Never forget the two goals of poetry ( metered or free-verse) are to communicate and to illicit an emotional response. The communication part depends on your ability to coherently express your idea or series of events. The emotional part can be much trickier, and while descriptive words are important, emotional tone is also set by the sound of the poem, it's meter and punctuation (and to some extent it's visual formating) all create a certain mood in the mind of the reader/listener.

(Edited by norm on 04-30-2004 07:47)

Sangreal
Nervous Wreck (II) Inmate

From: the one place the Keebler Elves can't get him
Insane since: Apr 2004

posted posted 05-05-2004 03:38

ok as far as beat I CAN'T RAP WORTH CRAP.
second of all when I write a novel type story i don't try for obscurity and this time i was. may be i should just lay off poetry.Since I am not good at it.

norm
Paranoid (IV) Inmate

From: [s]underwater[/s] under-snow in Juneau
Insane since: Sep 2002

posted posted 05-05-2004 05:51
quote:
....as far as beat I CAN'T RAP WORTH CRAP.


SO?
That's true for at least half the recorded rap artists in the stores... But they all have something to say, and they say it. As far as I'm concerned, the only reason (short of being a quiter) not to write any more poetry is if you have run out of things to say.

Most of us here at the Asylum did not make webpages worth a crap when we started. How did we get better? We made webpages....... So how do you get better at writing poetry? You write poetry.....


Please don't use the advice you have been getting here as an excuse to stop writing poetry, it was not meant to discourage you. It was meant to help.

Suho1004
Maniac (V) Inmate

From: Seoul, Korea
Insane since: Apr 2002

posted posted 05-05-2004 06:44
quote:
Sangreal said:

may be i should just lay off poetry.Since I am not good at it.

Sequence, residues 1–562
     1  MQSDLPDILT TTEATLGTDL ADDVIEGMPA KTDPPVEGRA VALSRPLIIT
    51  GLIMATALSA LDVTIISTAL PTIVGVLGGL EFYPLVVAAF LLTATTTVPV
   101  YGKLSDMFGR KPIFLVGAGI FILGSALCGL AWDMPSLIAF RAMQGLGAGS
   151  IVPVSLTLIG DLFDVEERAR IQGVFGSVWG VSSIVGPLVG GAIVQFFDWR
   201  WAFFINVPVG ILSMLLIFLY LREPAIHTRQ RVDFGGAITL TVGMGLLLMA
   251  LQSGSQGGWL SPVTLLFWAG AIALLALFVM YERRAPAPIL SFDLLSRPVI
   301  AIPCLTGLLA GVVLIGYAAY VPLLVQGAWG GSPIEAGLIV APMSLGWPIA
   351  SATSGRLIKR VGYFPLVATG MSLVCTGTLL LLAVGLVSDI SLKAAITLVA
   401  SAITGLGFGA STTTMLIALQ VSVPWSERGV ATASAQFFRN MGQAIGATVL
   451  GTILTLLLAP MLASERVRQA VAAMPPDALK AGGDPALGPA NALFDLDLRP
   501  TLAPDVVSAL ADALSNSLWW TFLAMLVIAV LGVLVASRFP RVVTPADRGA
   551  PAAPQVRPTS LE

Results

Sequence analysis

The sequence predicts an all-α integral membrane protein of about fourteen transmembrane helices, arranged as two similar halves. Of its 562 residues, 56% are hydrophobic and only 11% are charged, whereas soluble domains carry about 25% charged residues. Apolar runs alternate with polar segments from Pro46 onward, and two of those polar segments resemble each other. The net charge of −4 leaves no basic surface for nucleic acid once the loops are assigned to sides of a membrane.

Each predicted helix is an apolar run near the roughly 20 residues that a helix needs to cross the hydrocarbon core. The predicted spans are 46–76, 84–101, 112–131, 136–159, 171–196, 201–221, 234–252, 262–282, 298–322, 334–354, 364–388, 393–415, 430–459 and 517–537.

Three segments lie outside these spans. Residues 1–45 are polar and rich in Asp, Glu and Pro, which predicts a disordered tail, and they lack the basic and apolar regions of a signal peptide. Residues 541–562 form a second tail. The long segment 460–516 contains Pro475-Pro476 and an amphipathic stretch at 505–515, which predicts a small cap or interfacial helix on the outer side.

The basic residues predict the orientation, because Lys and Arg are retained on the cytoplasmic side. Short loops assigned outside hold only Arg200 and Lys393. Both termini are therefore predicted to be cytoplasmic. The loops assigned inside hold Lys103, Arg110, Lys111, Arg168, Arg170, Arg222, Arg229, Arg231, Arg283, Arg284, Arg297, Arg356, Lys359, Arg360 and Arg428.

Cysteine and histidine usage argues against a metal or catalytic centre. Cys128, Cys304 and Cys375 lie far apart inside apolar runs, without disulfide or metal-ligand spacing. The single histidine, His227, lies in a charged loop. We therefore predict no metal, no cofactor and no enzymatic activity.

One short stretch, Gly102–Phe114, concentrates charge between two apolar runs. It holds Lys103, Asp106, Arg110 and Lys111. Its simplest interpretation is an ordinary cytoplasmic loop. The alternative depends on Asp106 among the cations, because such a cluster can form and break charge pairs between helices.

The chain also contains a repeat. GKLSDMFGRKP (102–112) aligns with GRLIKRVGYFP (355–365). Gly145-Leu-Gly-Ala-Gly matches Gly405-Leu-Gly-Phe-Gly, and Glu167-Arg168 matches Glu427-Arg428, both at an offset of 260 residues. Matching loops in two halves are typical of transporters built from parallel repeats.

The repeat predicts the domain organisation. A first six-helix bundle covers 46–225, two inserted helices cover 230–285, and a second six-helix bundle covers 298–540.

Um, OK. If that's what you really want to do. I don't think it's the right course of action, though. As norm said, we all start off with crap, and we got better through practice.

I realize that I can be a bit harsh in my criticism, but I will not apologize for that. Why? Because I didn't climb in through your bedroom window, open up your poetry journal, and write comments all over the pages in red pen. You posted the poem here, ostensibly for crits, and I did my best to give you constructive (albeit perhaps a bit harsh) advice. What exactly were you expecting? That we would come in here and lavish praise and adoration on you?

Yes, I am being harsh again, and part of me feels bad about that. But there's another part of me that is absolutely disgusted at your attempts to get us to feel sorry for you and boost your ego.

More harshness there, I know, but it just had to be said. If you want honest criticism on your poetry and possibly some advice on how to get better, I'll do my best. If all you want is praise and ego stroking, the circle jerk is down the hall.

___________________________
Suho: www.liminality.org | Cell 270 | Sig Rotator | Keeper of the Juicy Bits

Sangreal
Nervous Wreck (II) Inmate

From: the one place the Keebler Elves can't get him
Insane since: Apr 2004

posted posted 05-12-2004 02:15

hey it's not your criticism believe me Ive had harsher it's just that I dont really want to do it anymore i figure I should leave it to somebody who really wants to.

If one match can start a forest fire then why does it take the whole box to start a BBQ Grill?